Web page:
The entire sordid affair can read about in this article, which I too decided to take a look at. Much to my surprise, it turns out that I did know precisely what this event was, and as indicated in the article, I was one of the people in attendance! However, rather than being some secretive meeting of UFO researchers, the event was, in truth, a weekend retreat featuring a number of individuals from all walks of life, ranging from businessmen and their families, to alien abductees. Granted, there was a focus on unexplained phenomena, and of course, the host and his family expressed a sincere, if not profound interest in all of it. I would argue that anyone who had been in attendance would have felt the same: that it had been a dining experience, if anything, geared primarily toward the hopeful endeavor of facilitating conversation about unexplained phenomenon in a constructive way, which mainstream news agencies and academic institutions don’t seem to favor.
To be fair, for a moment I had to assume that I knew what it was like to be a Bilderberger: here I had attended a private event which, rather than being conducted in secret, simply hadn’t been a promotional event that was posted on the websites, Facebook, and Twitter accounts of every Tom, Dick and Harry in the blogsphere. Why was this the case? I would argue that, while having dinner at my parent’s house may not be a secret endeavor, it is also not an event that is open to the public!
But for those who knew about the like-minded researchers attending this little shindig, from an outside perspective it must have seemed at least slightly odd. For one, if I had heard about it second hand, I might have even thought about it for a moment, and left it at that… but quite the contrary, it seems that others in the blogsphere have taken the idea and run with it, alleging everything from government mind control, to an alien base located beneath the venue where we had dinner that weekend! In all likelihood, there is probably an alien refuge beneath my parent’s home just as well, and both of them are contactees… hence my own innate interest in the subject (and all kidding aside, this was actually suggested to me by one highly visible exopolitical activist in this field, who for the time being shall remain unnamed. Seriously, I couldn’t make this stuff up).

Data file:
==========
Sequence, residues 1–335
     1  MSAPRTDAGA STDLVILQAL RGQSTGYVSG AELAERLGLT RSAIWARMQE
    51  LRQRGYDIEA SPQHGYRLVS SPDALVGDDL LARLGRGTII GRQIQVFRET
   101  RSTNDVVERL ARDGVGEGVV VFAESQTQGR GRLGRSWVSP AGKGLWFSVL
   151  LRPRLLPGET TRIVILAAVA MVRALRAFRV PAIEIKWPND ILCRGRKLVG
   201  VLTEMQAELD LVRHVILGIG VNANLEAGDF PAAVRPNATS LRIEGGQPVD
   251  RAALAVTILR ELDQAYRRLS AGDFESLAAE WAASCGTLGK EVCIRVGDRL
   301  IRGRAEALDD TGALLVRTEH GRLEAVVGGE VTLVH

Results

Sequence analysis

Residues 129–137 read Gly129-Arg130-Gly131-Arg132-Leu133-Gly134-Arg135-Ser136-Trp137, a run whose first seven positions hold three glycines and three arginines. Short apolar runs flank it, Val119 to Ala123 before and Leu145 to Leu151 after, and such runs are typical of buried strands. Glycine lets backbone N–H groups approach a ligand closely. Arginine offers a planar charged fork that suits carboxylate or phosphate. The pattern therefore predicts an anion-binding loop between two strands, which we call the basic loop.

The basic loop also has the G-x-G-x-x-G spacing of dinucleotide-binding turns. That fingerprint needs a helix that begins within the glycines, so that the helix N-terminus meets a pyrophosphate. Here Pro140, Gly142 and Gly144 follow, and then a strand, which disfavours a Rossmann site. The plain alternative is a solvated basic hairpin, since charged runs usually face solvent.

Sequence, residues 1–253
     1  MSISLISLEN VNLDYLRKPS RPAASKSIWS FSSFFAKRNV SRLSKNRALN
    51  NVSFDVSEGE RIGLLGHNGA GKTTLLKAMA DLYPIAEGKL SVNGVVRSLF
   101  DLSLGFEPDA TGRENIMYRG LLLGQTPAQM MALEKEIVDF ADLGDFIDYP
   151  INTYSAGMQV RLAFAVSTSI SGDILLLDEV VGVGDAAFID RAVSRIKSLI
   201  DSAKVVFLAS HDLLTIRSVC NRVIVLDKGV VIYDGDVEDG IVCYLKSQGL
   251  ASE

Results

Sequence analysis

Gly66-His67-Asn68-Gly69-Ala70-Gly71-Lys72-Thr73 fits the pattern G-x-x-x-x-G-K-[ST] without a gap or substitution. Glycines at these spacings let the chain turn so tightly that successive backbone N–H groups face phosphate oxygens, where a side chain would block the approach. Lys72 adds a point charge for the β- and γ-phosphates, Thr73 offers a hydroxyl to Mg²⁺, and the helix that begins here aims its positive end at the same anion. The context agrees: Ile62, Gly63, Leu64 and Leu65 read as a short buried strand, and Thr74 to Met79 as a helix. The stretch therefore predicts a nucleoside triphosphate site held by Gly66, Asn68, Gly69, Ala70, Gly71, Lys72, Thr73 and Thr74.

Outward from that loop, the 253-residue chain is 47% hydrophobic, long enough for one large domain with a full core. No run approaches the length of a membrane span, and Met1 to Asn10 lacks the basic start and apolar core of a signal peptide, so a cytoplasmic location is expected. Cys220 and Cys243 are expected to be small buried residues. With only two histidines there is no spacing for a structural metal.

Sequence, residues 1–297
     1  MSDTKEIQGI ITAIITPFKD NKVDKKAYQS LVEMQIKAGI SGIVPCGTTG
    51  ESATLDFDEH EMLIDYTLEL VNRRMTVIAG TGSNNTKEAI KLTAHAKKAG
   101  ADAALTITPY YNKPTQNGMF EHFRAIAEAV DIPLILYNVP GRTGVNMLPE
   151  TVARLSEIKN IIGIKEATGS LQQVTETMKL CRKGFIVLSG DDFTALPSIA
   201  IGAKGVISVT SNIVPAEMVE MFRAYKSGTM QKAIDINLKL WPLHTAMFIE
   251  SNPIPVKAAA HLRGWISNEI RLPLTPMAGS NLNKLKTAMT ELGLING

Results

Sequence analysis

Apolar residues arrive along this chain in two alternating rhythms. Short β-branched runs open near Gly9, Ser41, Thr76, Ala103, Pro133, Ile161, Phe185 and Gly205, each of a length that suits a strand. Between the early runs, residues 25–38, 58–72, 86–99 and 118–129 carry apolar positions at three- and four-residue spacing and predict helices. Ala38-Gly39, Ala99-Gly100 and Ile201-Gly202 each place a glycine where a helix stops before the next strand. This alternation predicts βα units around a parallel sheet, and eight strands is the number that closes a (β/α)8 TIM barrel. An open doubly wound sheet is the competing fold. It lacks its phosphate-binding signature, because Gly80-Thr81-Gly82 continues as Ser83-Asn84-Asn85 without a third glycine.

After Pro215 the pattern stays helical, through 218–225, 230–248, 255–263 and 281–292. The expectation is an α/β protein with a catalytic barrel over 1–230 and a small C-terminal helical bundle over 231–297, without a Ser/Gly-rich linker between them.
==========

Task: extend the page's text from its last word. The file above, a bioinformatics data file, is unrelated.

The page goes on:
For whatever reason, it does seem that people will fill in the proverbial “gaps” in a story when the entire narrative isn’t made available… and for whatever reason, in some of those cases, maybe the seeker runs the risk of diving so far down the rabbit hole that diminished oxygen levels prevent the proper transmission of oxygen to the brain! But in all seriousness, instances like these only further clarify, in my mind, that perhaps a majority of the “mythos” surrounding ufology today is less the influence of actual mysterious forces, or even manipulation of data to give us that impression… it may very well be more akin to a sociological phenomenon that causes us to gravitate toward the extremities when information is lacking. And unfortunately, when it comes to a subject like UFO research, we very well may have more questions–and hence more speculation–than answers.